Head teacher evaluation and its influence on professional growth: perceptions of public secondary school head teachers, Kenya

Date of Award


Document Type


Degree Name

Master of Education (MEd)

First Supervisor/Advisor

Dr. Mweru Mwingi

Second Supervisor/Advisor

Dr. Jane Rarieya


Institute for Educational Development, East Africa


Head teachers in Kenya are subjected to periodic evaluations. The Quality Assurance and Standards Office undertake whole evaluation every three years, a School Audit is conducted every year and the Teachers Service Commission will evaluate head teacher whenever they are due for promotions. An effective head teacher evaluation results in improvement of performance of both head teachers and the institutions they lead(development), determine the extent to which head teacher performance meets pre-set performance standards (accreditation) and hold head teachers accountable for their actions (accountability).

However, there are no documented studies on the contributions of these evaluations on head teachers’ professional growth. Yet, without professional growth, the quality of school leadership would be negatively affected more so in this era where there is demand for efficiency and effectiveness in school leadership.

The study set to investigate how head teacher evaluations influence their professional growth. To do this, a qualitative study was conducted on fifteen head teachers through group discussion interviews and self administered questionnaires. Relevant documents on head teacher evaluation such as school inspection reports and letters of correspondence between head teachers and their evaluators were analysed.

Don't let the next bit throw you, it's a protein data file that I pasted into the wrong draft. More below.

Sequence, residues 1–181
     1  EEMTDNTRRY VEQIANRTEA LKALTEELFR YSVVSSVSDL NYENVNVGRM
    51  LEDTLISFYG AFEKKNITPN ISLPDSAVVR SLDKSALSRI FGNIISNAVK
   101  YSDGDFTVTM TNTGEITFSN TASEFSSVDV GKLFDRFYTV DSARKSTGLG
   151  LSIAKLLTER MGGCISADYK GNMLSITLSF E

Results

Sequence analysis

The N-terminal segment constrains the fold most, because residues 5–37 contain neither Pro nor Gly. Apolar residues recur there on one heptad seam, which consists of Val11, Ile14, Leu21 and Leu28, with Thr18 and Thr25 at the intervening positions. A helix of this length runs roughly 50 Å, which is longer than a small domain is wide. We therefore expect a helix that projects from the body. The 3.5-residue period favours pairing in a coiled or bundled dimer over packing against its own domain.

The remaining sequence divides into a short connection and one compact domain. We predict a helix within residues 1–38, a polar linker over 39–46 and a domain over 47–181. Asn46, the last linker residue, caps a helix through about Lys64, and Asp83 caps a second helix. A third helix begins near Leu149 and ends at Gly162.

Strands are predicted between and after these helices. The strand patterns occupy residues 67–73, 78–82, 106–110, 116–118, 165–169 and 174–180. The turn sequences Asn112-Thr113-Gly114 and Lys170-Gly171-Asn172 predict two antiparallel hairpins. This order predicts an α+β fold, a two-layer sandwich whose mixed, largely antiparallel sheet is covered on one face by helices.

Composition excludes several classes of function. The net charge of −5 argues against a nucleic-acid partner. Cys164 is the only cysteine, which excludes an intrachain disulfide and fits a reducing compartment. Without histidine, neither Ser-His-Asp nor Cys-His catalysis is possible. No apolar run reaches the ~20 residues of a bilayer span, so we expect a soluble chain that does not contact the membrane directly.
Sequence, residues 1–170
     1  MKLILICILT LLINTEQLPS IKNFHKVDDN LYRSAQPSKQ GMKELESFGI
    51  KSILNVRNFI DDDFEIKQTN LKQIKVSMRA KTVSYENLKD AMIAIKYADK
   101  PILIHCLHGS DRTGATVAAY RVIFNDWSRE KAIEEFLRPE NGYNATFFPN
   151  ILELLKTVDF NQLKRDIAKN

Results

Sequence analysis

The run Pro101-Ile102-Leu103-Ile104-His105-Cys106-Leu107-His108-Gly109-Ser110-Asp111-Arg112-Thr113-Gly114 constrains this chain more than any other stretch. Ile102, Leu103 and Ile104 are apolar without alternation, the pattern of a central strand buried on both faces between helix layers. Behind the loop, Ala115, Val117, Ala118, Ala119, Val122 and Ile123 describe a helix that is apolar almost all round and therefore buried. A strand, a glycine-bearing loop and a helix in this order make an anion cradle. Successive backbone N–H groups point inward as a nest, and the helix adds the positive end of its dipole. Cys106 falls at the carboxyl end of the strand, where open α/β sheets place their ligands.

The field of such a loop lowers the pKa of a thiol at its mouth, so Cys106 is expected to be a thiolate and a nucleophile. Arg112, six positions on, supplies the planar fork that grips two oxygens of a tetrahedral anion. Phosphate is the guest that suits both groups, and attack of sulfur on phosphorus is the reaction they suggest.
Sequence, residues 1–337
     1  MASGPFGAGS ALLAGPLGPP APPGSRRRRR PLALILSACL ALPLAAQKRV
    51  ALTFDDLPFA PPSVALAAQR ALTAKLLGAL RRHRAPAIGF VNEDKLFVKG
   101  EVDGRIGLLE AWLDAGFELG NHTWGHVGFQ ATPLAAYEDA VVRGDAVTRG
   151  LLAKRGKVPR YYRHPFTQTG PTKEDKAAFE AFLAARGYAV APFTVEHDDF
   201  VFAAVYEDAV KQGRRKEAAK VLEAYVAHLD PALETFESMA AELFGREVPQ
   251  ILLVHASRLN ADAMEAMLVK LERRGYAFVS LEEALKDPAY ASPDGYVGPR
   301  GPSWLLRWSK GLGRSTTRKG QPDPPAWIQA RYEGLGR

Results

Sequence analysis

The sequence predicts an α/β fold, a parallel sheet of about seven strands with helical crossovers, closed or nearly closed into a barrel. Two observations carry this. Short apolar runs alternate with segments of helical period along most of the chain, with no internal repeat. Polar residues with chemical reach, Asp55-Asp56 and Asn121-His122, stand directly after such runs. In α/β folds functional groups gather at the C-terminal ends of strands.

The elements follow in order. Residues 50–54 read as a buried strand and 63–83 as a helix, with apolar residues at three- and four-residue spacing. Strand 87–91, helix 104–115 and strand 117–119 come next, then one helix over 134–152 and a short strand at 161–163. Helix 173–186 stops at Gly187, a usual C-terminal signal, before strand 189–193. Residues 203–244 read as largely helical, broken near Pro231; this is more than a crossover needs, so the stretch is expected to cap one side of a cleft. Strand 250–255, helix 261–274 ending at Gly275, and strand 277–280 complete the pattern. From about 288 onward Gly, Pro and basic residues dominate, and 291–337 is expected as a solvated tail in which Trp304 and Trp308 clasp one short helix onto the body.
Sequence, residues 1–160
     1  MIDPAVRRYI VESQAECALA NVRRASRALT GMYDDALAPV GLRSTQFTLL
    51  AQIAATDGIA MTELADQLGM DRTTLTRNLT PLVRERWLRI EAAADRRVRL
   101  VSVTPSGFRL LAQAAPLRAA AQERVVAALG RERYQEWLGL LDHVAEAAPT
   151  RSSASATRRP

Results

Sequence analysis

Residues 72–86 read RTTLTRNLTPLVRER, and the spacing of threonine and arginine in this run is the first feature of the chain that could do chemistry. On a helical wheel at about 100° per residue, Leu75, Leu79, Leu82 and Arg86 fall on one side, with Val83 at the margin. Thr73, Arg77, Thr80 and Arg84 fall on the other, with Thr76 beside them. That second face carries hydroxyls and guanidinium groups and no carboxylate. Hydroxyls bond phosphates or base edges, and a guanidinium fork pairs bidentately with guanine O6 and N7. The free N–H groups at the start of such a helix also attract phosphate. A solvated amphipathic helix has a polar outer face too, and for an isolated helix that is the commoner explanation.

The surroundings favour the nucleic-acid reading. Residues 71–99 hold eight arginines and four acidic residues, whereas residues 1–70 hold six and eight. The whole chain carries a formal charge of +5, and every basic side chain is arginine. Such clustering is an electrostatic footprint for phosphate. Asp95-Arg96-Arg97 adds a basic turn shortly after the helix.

Findings revealed that head teacher evaluations were summative in nature focusing on accreditation and accountability functions of evaluation. The developmental function was generally not practiced. As such head teacher evaluations only met their professional growth needs in as much as summative evaluations did. This was because formative evaluations which are associated with professional growth did not exist. Consequently, evaluation failed to adequately improve head teachers’ leadership performance. Thus, the study found a shift in policy to embrace formative evaluations and re-training of head teacher evaluators to equip them with relevant evaluations and skills to be necessary. This would enable both the evaluators and evaluations to identify and promptly advice head teachers on desired improvements.

This document is available in the relevant AKU library